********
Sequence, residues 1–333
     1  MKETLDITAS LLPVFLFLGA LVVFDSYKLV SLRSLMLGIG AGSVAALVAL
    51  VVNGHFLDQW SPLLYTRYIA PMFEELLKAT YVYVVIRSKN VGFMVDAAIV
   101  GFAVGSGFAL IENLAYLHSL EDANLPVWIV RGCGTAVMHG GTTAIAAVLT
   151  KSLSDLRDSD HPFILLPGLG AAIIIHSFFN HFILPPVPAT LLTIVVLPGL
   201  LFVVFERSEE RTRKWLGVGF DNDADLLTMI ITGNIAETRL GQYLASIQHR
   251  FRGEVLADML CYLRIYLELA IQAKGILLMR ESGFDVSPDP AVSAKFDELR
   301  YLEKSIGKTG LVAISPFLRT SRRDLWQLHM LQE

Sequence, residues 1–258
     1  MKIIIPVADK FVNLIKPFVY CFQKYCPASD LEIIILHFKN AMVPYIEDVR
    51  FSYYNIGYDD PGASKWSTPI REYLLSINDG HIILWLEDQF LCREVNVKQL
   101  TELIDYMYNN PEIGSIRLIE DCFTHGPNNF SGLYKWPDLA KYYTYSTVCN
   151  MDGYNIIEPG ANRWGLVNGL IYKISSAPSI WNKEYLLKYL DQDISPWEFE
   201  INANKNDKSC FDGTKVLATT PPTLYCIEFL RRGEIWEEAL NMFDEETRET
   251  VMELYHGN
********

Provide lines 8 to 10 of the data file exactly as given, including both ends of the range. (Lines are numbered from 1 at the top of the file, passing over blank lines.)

   301  YLEKSIGKTG LVAISPFLRT SRRDLWQLHM LQE

Sequence, residues 1–258
     1  MKIIIPVADK FVNLIKPFVY CFQKYCPASD LEIIILHFKN AMVPYIEDVR